Thursday, February 19, 2015

Forum or Against 'Em?

As a Jewish educator, I am constantly aware of the various ways in which individuals relate to our religion. The individualistic approach is often most stark with high school students in the process of identity formation. Interacting with teenagers as they navigate the assimilation of religion into their personae can be at once fascinating, frustrating, disheartening, and inspiring. Above all, these experiences have solidified my appreciation of the need for various forms of Jewish expression.

For this reason, I am a bit wary of Yeshiva University’s choice of Neo-Chassidus for its latest Orthodox Forum. As a colleague of mine pointed out, phenomenology (the study of how people experience things) is a large part of Rav Soloveitchik’s thought, and is therefore a very appropriate lens for Yeshiva University to use. If the goal of this forum is understanding the experience of Neo-Chassidus and using this understanding to gain a more nuanced view of religion, kol hakavod. Unfortunately, current trends lead me to be concerned that this may not be the case.

To be clear, I do not intend to project dubious intentions on those who chose the topic, nor is this directed at any of the writers. My concern is simply about the current social climate that made this topic a relevant choice.

In recent years, social media has broken down boundaries across the world, and in doing so has allowed public conversations to include millions of voices at once. No longer are any ideas immune from criticism or mockery. On the other hand, the global conversation has facilitated a tremendous amount of idea-sharing, allowing individuals to develop nuanced viewpoints on subjects they never would have access to in the past.

Global Jewish conversations have followed the same pattern. It has become in vogue for Jewish pundits, writers and experts (those deserving of the title and self-appointed ones) to place a large amount of energy into deconstructing the behaviors and customs of those who do differently. Besides creating animosity, this phenomenon has another result. Those able to positively impact their own communities through influential writing, public initiatives, and proactive leadership are not. Instead, they spend time criticizing others in the “defense of the truth.”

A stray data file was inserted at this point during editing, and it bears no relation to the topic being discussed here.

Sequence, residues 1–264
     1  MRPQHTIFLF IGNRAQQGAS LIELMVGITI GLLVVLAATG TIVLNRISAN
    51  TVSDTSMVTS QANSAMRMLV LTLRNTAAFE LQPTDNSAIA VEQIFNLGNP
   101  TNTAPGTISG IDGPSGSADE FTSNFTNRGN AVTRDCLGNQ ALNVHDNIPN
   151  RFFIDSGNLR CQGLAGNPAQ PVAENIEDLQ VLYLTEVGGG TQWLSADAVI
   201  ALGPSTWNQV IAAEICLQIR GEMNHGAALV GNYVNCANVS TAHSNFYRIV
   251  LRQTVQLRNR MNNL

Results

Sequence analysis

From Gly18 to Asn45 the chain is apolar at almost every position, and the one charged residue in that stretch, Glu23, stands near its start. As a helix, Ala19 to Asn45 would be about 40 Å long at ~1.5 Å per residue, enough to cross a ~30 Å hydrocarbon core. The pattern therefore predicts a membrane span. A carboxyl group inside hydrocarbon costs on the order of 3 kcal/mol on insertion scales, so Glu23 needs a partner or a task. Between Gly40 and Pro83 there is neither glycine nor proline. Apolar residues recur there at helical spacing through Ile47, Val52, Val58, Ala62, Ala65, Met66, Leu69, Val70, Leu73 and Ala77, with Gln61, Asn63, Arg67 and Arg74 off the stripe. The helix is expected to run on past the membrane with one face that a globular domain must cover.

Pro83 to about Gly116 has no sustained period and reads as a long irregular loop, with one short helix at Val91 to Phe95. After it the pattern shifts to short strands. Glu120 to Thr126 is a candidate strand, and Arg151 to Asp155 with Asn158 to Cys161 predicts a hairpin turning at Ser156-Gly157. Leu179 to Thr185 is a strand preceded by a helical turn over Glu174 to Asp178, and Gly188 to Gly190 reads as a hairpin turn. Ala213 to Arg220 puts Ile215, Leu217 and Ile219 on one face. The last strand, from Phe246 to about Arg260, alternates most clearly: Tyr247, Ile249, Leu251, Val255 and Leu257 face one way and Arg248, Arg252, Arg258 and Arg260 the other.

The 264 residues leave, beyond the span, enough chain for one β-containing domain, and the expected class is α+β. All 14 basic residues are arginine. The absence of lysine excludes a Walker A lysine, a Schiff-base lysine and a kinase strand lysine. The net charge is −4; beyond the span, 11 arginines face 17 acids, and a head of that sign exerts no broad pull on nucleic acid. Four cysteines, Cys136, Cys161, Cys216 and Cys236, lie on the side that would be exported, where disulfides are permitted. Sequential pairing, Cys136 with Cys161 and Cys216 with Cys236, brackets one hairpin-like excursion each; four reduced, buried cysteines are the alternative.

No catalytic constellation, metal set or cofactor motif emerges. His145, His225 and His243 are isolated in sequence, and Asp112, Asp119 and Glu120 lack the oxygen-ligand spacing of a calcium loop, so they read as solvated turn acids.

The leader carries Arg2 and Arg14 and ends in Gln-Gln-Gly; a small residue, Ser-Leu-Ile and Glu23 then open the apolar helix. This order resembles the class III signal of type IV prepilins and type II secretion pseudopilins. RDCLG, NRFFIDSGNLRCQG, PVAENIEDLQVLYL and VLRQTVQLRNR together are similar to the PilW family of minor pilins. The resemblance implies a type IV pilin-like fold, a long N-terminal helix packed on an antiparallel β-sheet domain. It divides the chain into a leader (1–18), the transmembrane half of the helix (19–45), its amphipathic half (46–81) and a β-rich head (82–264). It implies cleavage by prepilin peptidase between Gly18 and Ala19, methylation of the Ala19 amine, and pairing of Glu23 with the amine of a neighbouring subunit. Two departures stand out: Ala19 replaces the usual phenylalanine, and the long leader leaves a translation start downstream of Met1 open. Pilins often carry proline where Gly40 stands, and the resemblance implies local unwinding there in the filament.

Bringing this back to Neo-Chassidus, the criticizers were in top form after the Jewish Action article chronicling Neo-Chassidus was published. One blogger felt the need to defend the faith by asking “Why not Neo-Hisnagdus?” as if there is a competition for the heart of the Orthodox world. An article in this paper two weeks ago discussed those who “worry out loud” about Neo-Chassidus as if it has destructive potential, and many people give Neo-Chassidus nothing more than a “at least it keeps some people frum” nod.

The practice of placing every idea and behavior under the microscope of authenticity has to stop. There is nothing wrong with respectful debate, even if emotions run a little high. This is all normal. But it should give one pause when Yeshiva University feels it so important to dedicate its one annual forum to deconstruct a phenomenon that brings joy, spirit, and depth of understanding to Judaism. Neo-Chassidus is not a threat, and it is not the “other.” It is simply one expression of a Torah meant to reach many. If we can’t appreciate the validity of various approaches, that is a problem.

Although we begin asking ourselves “how does this fit into my identity?” as teenagers, the process doesn’t end there. Thoughtful individuals are constantly assimilating certain ideas and behaviors while rejecting others. However, it is important for us to realize that what one rejects can become the identity of another. One approach is not necessarily right and the other wrong; the two are simply different. Live and let live; such a simple idea, yet so routinely ignored. Maybe we should hold a forum to discuss it.

Originally Published in Jewish Link of NJ and of Westchester Bronx & Connecticut (,

Wednesday, February 11, 2015

Torah Sheba'al Peh and Jewish Values